Once an image file has been created with CnW Recovery software, it is normally possible to recovery files from it. The reasons for creating an image can include the following
For good copies, then recovery will proceed in the normal way, once the image file has been selected as the input drive. This will include redefining partitions etc.
To recover files from a damaged disk can require extra stages, or operations.
Logical recovery will try and recover the file files by reading in the conventional way, either with a full recovery, or in a mode such as From Directory Stubs. If the image is very corrupted, then this recovery mode may fail or hang before all the files are recovered. If using NTFS, then it is worthwhile using the mode of Recover from MFTs, and select the MFT range. It may then be possible to extract the file in several attempts, missing out sections where recovery fails.
Raw recovery is performed by using the Image mode, and selecting Split on files. This should be considered a last resort mode, as typically file names are not recovered, but only file types. However, if the main reason for recovery is to extract photographs, this can be a very successful mode. Many photographs do not actually have a meaningful file name, and so there is nothing to loose. At times, the recovered file name will include the date the photo was taken, but this information is not always contained within the JPEG file.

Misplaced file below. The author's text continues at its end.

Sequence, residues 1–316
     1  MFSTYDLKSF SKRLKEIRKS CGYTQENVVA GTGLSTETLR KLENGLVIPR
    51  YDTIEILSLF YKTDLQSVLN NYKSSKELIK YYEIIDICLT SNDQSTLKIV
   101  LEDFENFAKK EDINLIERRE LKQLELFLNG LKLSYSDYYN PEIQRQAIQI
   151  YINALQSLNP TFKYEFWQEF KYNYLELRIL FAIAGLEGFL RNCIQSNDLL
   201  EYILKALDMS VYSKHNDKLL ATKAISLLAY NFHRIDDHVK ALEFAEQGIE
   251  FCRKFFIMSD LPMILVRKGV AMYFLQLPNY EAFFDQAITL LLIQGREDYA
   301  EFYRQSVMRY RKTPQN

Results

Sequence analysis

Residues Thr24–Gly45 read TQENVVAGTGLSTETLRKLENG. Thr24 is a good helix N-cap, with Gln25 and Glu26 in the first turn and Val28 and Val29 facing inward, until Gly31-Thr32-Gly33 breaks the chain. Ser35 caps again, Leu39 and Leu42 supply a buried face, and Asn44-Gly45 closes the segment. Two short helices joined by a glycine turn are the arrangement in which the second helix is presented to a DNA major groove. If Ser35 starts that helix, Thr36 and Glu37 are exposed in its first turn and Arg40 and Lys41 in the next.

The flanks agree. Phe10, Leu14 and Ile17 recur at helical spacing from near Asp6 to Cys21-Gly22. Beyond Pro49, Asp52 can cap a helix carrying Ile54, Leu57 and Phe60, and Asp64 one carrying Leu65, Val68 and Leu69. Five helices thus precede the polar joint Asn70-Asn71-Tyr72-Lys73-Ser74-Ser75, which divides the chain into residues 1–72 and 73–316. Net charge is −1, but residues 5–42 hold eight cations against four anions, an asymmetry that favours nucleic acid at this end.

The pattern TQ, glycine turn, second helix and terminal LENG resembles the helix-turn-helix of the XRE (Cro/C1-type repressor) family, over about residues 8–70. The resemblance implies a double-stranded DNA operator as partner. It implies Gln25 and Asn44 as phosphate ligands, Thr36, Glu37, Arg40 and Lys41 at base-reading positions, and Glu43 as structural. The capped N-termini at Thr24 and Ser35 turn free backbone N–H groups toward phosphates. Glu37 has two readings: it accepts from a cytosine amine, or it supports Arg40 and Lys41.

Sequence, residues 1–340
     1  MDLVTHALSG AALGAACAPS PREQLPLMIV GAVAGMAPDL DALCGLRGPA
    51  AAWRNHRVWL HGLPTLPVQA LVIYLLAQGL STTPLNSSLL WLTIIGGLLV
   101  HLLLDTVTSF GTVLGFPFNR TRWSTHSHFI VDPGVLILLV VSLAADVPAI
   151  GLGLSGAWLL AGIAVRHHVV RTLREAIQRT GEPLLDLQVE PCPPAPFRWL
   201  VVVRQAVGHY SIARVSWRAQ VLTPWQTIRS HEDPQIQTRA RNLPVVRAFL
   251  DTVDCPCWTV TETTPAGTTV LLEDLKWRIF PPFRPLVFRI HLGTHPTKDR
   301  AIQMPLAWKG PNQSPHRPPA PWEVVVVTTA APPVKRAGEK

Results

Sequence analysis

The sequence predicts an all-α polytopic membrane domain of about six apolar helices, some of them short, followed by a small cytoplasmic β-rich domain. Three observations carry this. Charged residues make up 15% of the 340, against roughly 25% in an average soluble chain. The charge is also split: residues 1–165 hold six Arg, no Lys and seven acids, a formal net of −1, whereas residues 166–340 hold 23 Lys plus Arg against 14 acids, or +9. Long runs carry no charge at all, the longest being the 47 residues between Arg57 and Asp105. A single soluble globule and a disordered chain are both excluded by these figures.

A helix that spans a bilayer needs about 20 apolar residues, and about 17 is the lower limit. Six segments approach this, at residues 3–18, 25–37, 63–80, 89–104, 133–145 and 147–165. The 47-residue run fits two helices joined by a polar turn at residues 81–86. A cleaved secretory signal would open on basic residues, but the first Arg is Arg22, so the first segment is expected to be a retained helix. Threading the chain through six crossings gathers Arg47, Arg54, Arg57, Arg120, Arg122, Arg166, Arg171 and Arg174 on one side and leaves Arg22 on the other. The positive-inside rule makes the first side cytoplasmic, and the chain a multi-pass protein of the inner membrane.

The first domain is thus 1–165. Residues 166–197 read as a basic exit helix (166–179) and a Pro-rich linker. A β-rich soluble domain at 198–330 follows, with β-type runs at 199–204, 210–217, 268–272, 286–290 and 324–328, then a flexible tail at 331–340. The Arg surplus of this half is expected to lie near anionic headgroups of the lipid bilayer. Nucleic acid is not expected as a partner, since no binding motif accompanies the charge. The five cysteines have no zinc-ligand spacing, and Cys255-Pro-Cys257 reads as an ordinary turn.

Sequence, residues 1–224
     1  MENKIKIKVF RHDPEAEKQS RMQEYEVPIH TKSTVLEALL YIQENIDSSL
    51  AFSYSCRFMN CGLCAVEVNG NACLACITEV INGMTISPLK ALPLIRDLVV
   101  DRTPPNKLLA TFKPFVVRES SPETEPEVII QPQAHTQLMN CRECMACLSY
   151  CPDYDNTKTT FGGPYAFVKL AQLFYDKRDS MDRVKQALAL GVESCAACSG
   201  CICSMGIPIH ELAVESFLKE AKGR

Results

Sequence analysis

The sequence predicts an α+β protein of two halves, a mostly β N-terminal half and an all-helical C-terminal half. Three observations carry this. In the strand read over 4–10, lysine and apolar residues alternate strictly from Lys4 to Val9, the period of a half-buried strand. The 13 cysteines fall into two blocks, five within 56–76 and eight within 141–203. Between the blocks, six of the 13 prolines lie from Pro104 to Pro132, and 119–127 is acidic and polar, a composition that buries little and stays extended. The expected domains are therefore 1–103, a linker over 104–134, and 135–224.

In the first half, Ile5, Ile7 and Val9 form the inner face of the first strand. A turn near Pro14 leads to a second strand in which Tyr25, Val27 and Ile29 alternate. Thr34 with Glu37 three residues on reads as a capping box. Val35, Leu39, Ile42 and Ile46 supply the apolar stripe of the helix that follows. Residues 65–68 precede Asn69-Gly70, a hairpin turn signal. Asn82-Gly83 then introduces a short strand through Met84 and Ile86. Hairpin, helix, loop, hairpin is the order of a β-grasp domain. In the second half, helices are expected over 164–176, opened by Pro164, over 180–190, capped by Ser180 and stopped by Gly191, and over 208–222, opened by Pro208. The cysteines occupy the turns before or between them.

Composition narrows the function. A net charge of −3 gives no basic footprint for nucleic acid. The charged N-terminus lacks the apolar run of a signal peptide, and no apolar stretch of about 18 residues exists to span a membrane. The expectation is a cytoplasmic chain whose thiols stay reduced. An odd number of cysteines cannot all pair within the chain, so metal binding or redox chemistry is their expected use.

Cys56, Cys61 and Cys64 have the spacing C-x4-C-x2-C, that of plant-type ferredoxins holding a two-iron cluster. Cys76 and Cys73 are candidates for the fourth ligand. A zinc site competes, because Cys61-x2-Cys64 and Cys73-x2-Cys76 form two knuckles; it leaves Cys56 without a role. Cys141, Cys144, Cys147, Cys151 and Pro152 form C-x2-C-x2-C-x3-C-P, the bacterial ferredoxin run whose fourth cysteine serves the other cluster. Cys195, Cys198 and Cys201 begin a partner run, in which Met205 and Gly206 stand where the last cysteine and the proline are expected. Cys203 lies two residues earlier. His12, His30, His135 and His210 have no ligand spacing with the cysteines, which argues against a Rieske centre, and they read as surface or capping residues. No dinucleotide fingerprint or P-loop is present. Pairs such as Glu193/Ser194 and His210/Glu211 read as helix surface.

As in logical recovery, it can be useful to select the range of the disk to be scanned.
Raw recovery does have a major limitation in that it will join together fragmented files. For photos, they are normally fairly small, and so do not get fragmented. For a multi GB file, the chances are extremely high that there will be some fragmentation, and this will result in a corrupted file.
The types of file that are recovered are described in the Raw files page. The number of files does increase on a regular basis.
When an image files is selected, there is also an option to enable a shadow disk. The reason for this is when an image file has been created, but has missing sections. An image file should have as complete a directory area as possible, but then only the areas where files are stored need to be added. By using the shadow disk, areas of the disk that have not been imaged, will be read from the shadow disk. The shadow disk will only be accessed once for each required sector, so a failed sector will not be read many times. This will mean that although recovery will not be complete, it will not be exceptionally slow.